Twenty-five years ago, a fledgling dance team out of West Fargo made its debut.
No one could have guessed just how far it would go.
Today, the Packatahnas are considered one of the elite dance teams in the region, if not the nation.
"They've built a name for themselves," said Sonja Butenhoff, a former Packatahnas dancer and assistant coach. "When they go to nationals, everyone knows who West Fargo is."
And rightfully so: the Packatahnas varsity team has made a habit of acquiring trophies like a safari hunter collects African game. For example, West Fargo has taken first place in high kick at the Universal Dance Association regional competition for five years running. At the United Performing Association national competition, the Packatahnas have multiple firsts in jazz (3), pom (3), and high kick (7), and were named Grand Champions in 2003.
West Fargo also was back-to-back UDA national champion in high kick from 2006-07 when they were featured on ESPN, and possesses a plethora of state trophies that include eight high kick firsts in the last 15 years (last year, the Packatahnas did not participate in state, instead choosing to compete in nationals).
The Packatahnas junior varsity team also has been a force, placing first in high kick at the state tournament every year since 2004.
Then there is the lengthy list of local competition wins, as well as all the runner-up trophies, third-place trophies and, well...you get the picture.
To celebrate 25 years of dance, the Packatahnas are hosting a banquet for alumni, coaches and family on Jan. 23, at the Speedway Event Center in West Fargo (registration was due Jan. 15). They'll kick off the banquet with the 8th annual West Fargo Packatahnas Dance Show at 10 a.m. and 2 p.m. at the West Fargo High School gymnasium. Tickets are $5 for adults, $4 for seniors and $3 for children 12 and younger.
Commitment to dance
But how did one team from North Dakota become such a presence in the dance world? According to former Packatahnas head coach and current assistant coach Gretchen Stafslien, it all comes down to dedication.
"As a dancer, it takes up your high school career, if that's what you decide to do," she said. "They are involved in other things, obviously, but you need to make a commitment to it."
That commitment isn't the burden of dancers alone; coaches bear the struggle along with the team. "Every moment is with dance," Stafslien said.
Practices for the Packatahnas begin in October. The girls work hard through the season, striving for perfection. Repetition is expected; fine tuning, critical. Every young woman is in sync with the other, doing her best to be the best.
"Every day after school, every weekend; if you're putting that much time into something, you want it to be successful," Stafslien said. "I don't think they join just for the fun of it. These girls on the team are competitors and want to be good - they want to be remembered."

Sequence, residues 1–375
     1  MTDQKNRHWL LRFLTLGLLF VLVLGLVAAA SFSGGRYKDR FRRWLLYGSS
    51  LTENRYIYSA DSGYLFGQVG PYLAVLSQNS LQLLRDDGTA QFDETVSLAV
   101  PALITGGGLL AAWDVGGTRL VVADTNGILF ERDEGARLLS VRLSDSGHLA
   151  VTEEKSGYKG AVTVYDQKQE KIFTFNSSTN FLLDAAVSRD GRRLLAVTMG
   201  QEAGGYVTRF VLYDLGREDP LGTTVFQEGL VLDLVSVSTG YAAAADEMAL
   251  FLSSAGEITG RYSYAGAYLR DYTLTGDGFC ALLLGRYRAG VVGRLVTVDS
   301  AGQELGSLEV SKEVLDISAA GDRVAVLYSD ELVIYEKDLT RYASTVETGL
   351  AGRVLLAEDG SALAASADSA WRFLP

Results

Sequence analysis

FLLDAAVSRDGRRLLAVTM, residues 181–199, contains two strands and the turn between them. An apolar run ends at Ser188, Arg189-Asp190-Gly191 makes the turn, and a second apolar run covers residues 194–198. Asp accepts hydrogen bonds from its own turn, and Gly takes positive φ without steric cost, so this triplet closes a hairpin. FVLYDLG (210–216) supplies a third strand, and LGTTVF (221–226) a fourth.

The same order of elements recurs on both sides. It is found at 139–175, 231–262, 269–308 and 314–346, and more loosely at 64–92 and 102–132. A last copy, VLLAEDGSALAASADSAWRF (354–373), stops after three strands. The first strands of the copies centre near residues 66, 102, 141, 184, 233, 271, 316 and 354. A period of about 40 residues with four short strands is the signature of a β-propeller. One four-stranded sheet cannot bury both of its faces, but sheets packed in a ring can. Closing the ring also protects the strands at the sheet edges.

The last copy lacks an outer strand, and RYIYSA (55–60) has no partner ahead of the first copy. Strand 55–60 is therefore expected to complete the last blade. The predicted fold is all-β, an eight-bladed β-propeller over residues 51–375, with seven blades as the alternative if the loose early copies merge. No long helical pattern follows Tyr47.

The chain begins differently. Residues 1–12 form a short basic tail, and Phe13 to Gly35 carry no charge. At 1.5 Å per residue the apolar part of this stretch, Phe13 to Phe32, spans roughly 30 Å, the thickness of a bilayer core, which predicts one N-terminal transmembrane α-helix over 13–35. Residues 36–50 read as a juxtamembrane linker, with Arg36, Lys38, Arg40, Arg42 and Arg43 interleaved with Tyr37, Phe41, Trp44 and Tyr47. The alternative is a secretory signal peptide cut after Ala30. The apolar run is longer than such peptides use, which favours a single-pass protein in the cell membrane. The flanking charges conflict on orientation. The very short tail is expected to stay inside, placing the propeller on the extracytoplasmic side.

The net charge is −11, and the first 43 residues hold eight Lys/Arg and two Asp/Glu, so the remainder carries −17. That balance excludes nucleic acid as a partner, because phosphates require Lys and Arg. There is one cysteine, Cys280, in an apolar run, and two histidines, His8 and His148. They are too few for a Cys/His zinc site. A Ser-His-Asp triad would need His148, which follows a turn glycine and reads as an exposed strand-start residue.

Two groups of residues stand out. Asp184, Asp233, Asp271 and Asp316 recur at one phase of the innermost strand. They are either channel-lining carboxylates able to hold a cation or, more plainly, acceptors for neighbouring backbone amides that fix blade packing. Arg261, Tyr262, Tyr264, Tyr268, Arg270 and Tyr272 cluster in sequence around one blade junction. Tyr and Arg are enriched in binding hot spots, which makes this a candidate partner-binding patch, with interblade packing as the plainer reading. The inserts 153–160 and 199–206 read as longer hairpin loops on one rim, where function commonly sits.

Though grueling and intense, the rewards make every endeavor worthwhile. And not just rewards in the trophy case. West Fargo dancers learn the value of hard work and what it means to come together and strive toward a common goal, Stafslien said.
"I hope they take away from it sort of an attitude that 'you get what you work for,'" she said.
And dancing doesn't end at graduation. Chances are high that Packatahnas who move on will continue to participate in some form or another.
"I never was able to walk away from dance, it gets in your blood," said Sheri Praska, a former Packatahnas choreographer and current owner and head instructor of Halftime By Sheri Dance Studio in West Fargo. Praska currently has nine instructors employed at her studio, of which four are former Packatahnas.
In the past 25 years, dance studios have popped up all around the Fargo-Moorhead area, helping to keep the Packatahnas ranks full of quality talent.
"Dancing, in general, has changed dramatically in our area," Praska said. "They have a lot more opportunities now than ever before."
The West Fargo dance team has some of their biggest events of the year coming up. First, they head to Minot for the North Dakota state competition Jan. 29-30. Then, Feb. 5-7 the Packatahnas will be in Orlando, Fla., for the UDA National competition.
Stiff competition is certain, but Praska can't help but see a bright future for the Packatahnas and success for years to come.
"It's exciting to watch something grow; the foundation started out so small and now, it's so big," she said.
"It's great - it's a community of dance."
Tyler Shoberg is Sports Editor of the Pioneer and can be reached at 701-451-5717 or email@example.com.